Avoiding Simple Code Breaks on AWS
Faulty code remains one of the most common reasons for performance issues and unscheduled downtime. Yet, it is still possible for bad code to make its way into the Production environment, even with testing.
Your Production environment is most likely a collection of interlinked servers, load balancers and more. Does it really make sense to test your code on a single sandbox server that doesn’t equate in any way to the real world it will need to operate within? Of course your code performs flawlessly within the simplified, unchallenging environment of a single testing or staging server. But that’s no indication of what may happen upon release when it attempts to mesh with the harsh realities of your full Production environment.
Instead, code should be tested in a complete and exact replica of the current Production environment, right down to the last load balancer. Only then will you know if there are potential conflicts or if something will break under increased traffic load.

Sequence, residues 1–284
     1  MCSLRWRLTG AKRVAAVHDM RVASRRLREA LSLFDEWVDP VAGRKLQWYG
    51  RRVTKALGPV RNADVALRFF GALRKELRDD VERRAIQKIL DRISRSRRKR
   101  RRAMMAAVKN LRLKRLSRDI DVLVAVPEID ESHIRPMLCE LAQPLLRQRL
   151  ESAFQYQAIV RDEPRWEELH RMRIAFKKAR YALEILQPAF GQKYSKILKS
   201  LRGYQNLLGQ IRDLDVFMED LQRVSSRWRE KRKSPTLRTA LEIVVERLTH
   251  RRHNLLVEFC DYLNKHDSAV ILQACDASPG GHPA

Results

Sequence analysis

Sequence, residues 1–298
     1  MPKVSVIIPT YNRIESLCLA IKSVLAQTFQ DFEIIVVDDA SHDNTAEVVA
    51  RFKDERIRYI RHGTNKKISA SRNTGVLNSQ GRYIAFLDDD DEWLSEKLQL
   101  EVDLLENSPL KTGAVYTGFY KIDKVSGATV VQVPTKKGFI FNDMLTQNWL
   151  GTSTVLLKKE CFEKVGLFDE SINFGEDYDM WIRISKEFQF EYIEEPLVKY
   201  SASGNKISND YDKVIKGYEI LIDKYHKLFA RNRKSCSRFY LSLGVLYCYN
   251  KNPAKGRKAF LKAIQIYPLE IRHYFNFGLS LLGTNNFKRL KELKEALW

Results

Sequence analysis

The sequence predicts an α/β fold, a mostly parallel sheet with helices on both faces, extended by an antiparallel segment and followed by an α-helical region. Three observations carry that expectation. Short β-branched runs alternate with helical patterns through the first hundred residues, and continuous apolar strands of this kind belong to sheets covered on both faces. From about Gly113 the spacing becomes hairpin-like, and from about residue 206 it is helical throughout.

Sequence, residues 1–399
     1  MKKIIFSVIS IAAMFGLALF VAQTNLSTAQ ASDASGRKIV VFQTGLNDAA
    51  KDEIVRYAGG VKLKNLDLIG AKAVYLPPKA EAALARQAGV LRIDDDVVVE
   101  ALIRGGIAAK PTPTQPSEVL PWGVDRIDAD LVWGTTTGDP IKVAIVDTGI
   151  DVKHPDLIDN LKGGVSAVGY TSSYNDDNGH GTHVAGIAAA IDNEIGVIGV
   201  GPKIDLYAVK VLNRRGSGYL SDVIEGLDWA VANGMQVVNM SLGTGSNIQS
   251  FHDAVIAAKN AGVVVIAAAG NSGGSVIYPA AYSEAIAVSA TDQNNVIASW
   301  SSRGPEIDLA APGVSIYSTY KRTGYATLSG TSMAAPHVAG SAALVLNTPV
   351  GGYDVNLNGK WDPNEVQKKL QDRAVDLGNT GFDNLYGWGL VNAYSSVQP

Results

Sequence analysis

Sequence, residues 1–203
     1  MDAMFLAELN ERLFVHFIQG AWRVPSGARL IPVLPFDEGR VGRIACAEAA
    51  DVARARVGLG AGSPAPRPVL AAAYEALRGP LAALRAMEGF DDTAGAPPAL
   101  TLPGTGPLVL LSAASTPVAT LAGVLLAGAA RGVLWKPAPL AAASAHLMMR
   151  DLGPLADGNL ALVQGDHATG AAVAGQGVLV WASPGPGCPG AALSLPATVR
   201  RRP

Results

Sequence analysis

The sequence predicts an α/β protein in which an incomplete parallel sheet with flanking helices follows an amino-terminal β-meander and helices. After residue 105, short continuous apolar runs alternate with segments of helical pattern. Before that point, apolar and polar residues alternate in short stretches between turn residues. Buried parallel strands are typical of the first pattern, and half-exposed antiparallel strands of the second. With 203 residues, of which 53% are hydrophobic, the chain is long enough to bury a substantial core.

Thing is, it’s actually a doddle to create such replica environments in minutes. Platforms (such as Anchor Fleet) can completely automate the building of predefined infrastructure on demand. And as you can destroy testing environments when not in use, it can cost a lot less than maintaining permanent testing and staging servers.
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